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Valuation, What is it? How to calculate it?

Valuation, What is it? How to calculate it?

So do you think that your company is the next LuLu Lemon, Skype, LinkedIn?  I know, you have an idea that is so unique and no one else will ever think of it or be able to compete!  We have all been there but when seeking capital to make your fantastic idea real, convincing the angel groups, venture capital firms that their money will be well spent is a big challenge that most entrepreneurs face. 

The investment trail can lead to a series of questions but the one question that seems to stump the most well thought out entrepreneur is, What is your companies valuation?  First, the entrepreneur gives a look like the deer caught in the headlights syndrome, then the laser quick $10m, $20m or the lean back in the chair “let me get back to you later” gurgles humbly from the lips.   

The short answer to the question should be a reply from the entrepreneur to the investor, “What is the investor asking about, pre-money or post money valuation?”  The truth is, knowing this answer will allow you the opportunity to provide the possible best answer because the answer differ based on the timing of valuation. Both pre-money and post-money are valuation measures of companies. Pre-money refers to a company's value before it receives outside financing or the latest round of financing, while post-money refers to its value after it gets outside funds or its latest capital injection. Pre-money valuation refers to the value of a company not including external funding or the latest round of funding. Post money valuation, then, includes outside financing or the latest injection. It is important to know which is being referred to as they are critical concepts in valuation.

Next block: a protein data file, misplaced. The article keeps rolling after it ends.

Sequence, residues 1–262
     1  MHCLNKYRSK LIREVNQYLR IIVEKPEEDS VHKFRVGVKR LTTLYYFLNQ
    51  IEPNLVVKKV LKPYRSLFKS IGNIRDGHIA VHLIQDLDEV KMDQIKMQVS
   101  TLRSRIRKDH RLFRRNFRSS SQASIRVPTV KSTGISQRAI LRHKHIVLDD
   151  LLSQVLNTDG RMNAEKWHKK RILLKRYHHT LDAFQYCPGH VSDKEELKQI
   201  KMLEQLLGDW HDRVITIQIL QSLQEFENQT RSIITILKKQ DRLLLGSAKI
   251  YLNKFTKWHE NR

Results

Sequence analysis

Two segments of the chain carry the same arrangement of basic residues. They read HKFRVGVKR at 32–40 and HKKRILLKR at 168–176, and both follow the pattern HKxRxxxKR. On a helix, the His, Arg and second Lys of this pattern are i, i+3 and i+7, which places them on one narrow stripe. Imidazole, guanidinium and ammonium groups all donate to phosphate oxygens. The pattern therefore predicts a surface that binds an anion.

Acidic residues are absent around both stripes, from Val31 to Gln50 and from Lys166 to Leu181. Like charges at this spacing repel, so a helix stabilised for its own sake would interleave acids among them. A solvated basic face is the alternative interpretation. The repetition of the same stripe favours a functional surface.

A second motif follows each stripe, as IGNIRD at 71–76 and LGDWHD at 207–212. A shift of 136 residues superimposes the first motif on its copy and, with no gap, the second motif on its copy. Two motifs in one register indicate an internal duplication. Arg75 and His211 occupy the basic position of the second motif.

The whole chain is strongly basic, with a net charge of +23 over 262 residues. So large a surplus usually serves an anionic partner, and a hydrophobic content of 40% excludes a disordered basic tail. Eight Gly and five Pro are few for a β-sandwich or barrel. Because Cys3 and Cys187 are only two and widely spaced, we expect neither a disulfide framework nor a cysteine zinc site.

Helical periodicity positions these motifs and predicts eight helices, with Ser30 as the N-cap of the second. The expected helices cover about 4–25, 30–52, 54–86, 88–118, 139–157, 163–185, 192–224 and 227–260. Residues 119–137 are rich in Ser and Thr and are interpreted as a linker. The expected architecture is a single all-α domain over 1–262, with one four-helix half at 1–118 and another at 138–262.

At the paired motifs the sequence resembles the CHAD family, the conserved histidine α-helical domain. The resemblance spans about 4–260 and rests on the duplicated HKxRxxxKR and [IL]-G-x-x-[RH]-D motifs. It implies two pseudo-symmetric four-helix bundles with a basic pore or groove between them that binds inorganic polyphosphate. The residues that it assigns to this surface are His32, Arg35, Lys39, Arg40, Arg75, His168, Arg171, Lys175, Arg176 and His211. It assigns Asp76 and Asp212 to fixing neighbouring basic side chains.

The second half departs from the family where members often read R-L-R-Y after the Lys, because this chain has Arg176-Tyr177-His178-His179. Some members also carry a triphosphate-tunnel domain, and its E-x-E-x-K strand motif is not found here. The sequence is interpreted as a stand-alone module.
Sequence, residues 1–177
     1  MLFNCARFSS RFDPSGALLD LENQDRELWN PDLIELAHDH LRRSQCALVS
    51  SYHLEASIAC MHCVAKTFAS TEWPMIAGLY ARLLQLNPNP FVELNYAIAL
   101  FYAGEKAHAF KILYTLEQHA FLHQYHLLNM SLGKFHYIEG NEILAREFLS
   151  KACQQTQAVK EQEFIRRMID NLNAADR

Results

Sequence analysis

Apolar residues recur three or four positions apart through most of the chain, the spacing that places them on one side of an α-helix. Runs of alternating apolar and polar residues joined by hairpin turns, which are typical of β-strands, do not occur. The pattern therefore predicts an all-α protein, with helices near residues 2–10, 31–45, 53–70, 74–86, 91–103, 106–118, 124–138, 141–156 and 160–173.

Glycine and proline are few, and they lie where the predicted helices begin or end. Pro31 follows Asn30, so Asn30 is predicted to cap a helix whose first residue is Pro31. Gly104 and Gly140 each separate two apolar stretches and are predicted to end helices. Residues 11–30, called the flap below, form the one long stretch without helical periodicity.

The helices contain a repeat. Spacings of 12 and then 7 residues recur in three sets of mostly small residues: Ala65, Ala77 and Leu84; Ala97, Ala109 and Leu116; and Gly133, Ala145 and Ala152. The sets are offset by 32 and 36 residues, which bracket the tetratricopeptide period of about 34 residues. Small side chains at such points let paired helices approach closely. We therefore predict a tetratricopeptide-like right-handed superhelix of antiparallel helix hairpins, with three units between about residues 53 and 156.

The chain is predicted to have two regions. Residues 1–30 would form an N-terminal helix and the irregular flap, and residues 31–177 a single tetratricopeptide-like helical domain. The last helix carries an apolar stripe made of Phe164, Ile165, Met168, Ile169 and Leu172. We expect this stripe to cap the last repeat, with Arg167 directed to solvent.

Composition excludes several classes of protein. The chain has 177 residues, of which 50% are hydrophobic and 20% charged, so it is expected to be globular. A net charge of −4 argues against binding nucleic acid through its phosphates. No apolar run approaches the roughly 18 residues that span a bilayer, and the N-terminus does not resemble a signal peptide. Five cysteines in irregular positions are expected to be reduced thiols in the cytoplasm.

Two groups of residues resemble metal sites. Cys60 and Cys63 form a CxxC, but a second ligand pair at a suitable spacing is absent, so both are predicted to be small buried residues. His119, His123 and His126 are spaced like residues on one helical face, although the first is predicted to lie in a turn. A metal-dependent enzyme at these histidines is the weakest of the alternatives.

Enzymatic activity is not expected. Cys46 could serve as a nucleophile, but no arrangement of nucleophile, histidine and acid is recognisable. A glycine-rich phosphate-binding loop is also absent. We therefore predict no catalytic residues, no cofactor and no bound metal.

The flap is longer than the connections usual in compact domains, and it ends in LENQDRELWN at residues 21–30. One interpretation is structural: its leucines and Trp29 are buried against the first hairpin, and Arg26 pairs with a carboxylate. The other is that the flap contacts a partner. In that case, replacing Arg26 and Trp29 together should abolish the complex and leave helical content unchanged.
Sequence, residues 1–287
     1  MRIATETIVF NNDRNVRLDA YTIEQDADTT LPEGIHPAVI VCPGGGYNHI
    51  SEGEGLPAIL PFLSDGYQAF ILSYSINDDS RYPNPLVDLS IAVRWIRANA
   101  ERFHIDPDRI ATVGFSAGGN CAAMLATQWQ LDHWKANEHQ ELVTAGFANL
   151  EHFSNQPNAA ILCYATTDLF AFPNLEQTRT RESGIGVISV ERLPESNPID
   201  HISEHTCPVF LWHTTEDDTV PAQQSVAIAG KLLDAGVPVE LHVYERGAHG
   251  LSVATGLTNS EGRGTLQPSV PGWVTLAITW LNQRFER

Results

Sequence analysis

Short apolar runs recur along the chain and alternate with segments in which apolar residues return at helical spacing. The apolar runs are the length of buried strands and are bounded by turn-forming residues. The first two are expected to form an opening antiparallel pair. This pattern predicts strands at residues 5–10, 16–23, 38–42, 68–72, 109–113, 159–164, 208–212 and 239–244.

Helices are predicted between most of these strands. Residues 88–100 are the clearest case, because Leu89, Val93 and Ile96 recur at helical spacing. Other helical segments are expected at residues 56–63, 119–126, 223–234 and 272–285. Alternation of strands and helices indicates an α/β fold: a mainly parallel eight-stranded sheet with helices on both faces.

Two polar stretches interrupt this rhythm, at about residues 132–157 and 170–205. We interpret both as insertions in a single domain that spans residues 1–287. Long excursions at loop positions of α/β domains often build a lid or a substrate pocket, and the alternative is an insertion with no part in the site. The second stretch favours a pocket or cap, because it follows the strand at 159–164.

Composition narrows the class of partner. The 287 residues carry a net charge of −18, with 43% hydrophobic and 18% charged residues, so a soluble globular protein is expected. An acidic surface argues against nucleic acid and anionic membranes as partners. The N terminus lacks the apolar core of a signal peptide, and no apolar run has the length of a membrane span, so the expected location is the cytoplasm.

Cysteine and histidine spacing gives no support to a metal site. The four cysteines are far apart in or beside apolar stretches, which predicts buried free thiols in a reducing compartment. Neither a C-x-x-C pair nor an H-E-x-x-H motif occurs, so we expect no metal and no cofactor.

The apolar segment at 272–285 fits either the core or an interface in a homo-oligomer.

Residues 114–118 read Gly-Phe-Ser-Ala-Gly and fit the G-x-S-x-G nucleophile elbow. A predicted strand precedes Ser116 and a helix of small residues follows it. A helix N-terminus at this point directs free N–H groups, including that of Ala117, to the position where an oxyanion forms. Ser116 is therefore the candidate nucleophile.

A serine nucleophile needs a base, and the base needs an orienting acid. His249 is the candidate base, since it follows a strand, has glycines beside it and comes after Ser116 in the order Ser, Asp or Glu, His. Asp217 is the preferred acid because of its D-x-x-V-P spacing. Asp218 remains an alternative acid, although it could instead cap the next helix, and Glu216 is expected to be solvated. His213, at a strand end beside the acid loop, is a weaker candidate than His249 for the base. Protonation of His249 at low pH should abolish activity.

Let's explain the difference by using an example. Suppose that an investor is looking to invest in a hi-tech startup. The entrepreneur and the investor both agree that the company is worth $1 million and the investor will put in $250,000.

The ownership percentages will depend on whether this is a $1 million pre-money or post-money valuation. If the $1 million valuation is pre-money, the company is valued at $1 million before the investment and after investment will be valued at $1.25 million. If the $1 million valuation takes into consideration the $250,000 investment, it is referred to as post-money.

As you can see, the valuation method used can affect the ownership percentages in a big way. This is due to the amount of value being placed on the company before the investment. If a company is valued at $1 million, it is worth more if the valuation is pre-money compared to post-money because the pre-money valuation does not include the $250,000 invested. While this ends up affecting the entrepreneur's ownership by a small percentage of 5%, it can represent millions of dollars if the company goes public.

This topic gets very important in situations where an entrepreneur has a good idea but few assets. In such cases, it's very hard to determine what the company is actually worth and valuation becomes a subject of negotiation between the entrepreneur and the investors.

Usually, a company receives many rounds of financing (conventionally named Round A, Round B, Round C, etc.) rather than a big lump sum in order to decrease the risk for investors and to motivate entrepreneurs. Pre- and post-money valuation concepts apply to each round.